RESOLVED, that the President, Arthur R. Lewis, Jr., be, and he hereby is authorized to negotiate a contract for the sale of the ss MAINE, to a prospective British purchaser, at a purchase price of $50. per deadweight ton; and it is further
RESOLVED, that the President, Arthur R. Lewis, Jr., in the event that it is possible to negotiate and conclude such a contract for the sale of the ss MAINE, be and he hereby is authorized and directed to sign and execute all necessary papers to obtain permission from the United States Government to sell the vessel with transfer of flag to British registry, and to execute and sign any and all necessary papers to carry out such a sale and transfer of the ss MAINE; * * *
The purchase money in connection with the sale of the Maine was furnished by the British Government, which appointed a nominee to take title to the ship and operate it for the British Government rather than to take title to it itself, because the United States was not then at war.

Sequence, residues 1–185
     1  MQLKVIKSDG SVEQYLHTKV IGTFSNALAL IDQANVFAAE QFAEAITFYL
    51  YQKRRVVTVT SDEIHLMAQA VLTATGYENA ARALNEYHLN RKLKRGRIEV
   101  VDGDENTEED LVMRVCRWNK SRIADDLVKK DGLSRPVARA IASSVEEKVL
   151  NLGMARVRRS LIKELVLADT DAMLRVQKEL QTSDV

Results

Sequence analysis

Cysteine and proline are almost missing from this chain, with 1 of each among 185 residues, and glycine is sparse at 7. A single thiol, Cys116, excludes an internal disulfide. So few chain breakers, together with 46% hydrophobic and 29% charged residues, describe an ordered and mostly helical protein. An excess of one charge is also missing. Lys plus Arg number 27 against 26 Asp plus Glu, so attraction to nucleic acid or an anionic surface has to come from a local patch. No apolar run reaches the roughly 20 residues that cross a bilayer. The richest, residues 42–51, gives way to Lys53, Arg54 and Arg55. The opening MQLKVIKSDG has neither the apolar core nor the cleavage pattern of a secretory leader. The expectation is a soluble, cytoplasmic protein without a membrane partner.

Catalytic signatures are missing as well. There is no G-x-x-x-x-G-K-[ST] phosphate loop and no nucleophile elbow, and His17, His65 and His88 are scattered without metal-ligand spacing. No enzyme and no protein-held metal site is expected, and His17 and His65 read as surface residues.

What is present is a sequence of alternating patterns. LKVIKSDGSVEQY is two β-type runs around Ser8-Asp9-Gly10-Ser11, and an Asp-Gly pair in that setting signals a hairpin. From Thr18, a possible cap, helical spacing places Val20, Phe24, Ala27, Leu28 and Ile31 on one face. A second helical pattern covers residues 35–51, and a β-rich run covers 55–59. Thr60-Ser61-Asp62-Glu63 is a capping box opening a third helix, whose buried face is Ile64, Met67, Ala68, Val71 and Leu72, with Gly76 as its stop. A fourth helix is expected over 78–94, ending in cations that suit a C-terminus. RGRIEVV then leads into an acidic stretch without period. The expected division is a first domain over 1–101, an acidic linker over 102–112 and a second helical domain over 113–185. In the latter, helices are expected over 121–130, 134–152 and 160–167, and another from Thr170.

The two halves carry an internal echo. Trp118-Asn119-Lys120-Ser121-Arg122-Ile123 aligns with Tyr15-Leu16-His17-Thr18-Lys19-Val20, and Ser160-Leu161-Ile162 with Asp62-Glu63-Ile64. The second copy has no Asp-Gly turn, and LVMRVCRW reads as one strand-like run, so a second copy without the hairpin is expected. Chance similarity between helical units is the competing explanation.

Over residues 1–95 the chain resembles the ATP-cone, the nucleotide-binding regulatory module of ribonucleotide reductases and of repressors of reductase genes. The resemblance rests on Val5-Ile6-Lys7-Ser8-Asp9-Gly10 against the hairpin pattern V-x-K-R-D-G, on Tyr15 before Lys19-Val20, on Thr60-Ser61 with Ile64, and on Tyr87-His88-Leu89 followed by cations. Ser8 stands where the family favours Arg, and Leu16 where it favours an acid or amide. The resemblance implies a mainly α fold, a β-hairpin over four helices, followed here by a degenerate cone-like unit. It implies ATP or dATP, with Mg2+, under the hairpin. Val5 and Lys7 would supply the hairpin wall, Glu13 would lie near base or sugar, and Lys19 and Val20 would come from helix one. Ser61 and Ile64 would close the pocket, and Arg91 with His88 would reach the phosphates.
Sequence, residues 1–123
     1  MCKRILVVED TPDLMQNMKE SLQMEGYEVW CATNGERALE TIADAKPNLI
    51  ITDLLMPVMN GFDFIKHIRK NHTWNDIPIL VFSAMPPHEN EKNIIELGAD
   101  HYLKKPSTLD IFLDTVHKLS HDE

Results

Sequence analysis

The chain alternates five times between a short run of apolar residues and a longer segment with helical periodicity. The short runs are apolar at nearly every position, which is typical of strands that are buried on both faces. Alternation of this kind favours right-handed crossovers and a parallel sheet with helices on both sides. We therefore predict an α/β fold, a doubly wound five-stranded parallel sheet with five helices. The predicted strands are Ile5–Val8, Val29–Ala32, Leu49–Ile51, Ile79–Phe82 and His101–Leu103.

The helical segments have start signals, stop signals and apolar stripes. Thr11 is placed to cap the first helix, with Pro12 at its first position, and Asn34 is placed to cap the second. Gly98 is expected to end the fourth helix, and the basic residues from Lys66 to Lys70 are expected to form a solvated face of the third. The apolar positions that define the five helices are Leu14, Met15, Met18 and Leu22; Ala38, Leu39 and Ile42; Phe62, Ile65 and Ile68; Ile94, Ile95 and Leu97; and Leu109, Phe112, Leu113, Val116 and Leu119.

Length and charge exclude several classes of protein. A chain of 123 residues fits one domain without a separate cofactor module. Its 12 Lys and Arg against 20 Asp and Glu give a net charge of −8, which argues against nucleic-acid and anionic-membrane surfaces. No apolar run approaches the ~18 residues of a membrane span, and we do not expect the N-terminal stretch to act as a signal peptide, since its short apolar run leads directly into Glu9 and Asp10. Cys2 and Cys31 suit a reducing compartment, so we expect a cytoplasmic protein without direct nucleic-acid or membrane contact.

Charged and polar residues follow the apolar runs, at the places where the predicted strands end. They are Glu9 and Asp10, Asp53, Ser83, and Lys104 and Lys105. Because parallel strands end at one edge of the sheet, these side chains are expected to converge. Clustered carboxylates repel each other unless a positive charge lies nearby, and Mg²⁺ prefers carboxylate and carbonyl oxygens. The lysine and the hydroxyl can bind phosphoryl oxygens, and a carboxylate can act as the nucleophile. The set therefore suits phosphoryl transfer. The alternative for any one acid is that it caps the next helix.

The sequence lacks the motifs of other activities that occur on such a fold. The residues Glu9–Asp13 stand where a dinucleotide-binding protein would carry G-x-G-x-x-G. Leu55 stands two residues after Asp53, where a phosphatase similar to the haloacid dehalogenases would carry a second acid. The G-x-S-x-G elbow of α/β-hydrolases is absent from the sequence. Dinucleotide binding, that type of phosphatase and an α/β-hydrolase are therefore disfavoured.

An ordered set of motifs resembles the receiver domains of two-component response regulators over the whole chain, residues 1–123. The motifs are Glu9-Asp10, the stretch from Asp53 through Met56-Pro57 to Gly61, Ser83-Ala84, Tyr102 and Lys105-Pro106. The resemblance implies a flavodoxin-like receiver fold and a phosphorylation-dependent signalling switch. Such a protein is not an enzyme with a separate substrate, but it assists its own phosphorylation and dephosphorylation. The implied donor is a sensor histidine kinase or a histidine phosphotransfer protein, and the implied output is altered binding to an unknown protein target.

On September 21, 1940, Rees received a cable from London in which Glover Brothers (London), Ltd., was nominated to take title to the Maine. Lambert was orally advised of this on the same day. On September 24, 1940, Lambert received written confirmation of this from the British Ministry and sent a copy of this letter to Pendleton. In the meantime, on September 23, 1940, Lewis, as president of Fairfield, executed a bill of sale of the Maine to Atlantic, which bill of sale was recorded at the Customhouse in Baltimore, Maryland, on September 26, 1940. Atlantic never owned any ships prior to its acquisition of the Maine; it was in the stevedoring business.